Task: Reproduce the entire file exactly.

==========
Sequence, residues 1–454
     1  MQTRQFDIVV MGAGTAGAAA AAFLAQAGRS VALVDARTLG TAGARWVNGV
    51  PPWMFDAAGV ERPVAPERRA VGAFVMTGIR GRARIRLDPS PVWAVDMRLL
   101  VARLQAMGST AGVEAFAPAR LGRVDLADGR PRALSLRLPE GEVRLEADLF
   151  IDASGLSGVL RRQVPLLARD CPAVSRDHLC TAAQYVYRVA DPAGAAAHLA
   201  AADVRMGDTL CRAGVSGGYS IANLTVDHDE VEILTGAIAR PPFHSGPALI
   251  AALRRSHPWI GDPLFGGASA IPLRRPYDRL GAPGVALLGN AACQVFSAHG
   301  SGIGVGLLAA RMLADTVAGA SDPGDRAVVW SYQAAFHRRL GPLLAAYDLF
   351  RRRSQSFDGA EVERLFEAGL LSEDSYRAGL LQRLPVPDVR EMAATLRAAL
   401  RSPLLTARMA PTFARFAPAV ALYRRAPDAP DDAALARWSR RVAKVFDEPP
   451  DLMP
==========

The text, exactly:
Sequence, residues 1–454
     1  MQTRQFDIVV MGAGTAGAAA AAFLAQAGRS VALVDARTLG TAGARWVNGV
    51  PPWMFDAAGV ERPVAPERRA VGAFVMTGIR GRARIRLDPS PVWAVDMRLL
   101  VARLQAMGST AGVEAFAPAR LGRVDLADGR PRALSLRLPE GEVRLEADLF
   151  IDASGLSGVL RRQVPLLARD CPAVSRDHLC TAAQYVYRVA DPAGAAAHLA
   201  AADVRMGDTL CRAGVSGGYS IANLTVDHDE VEILTGAIAR PPFHSGPALI
   251  AALRRSHPWI GDPLFGGASA IPLRRPYDRL GAPGVALLGN AACQVFSAHG
   301  SGIGVGLLAA RMLADTVAGA SDPGDRAVVW SYQAAFHRRL GPLLAAYDLF
   351  RRRSQSFDGA EVERLFEAGL LSEDSYRAGL LQRLPVPDVR EMAATLRAAL
   401  RSPLLTARMA PTFARFAPAV ALYRRAPDAP DDAALARWSR RVAKVFDEPP
   451  DLMP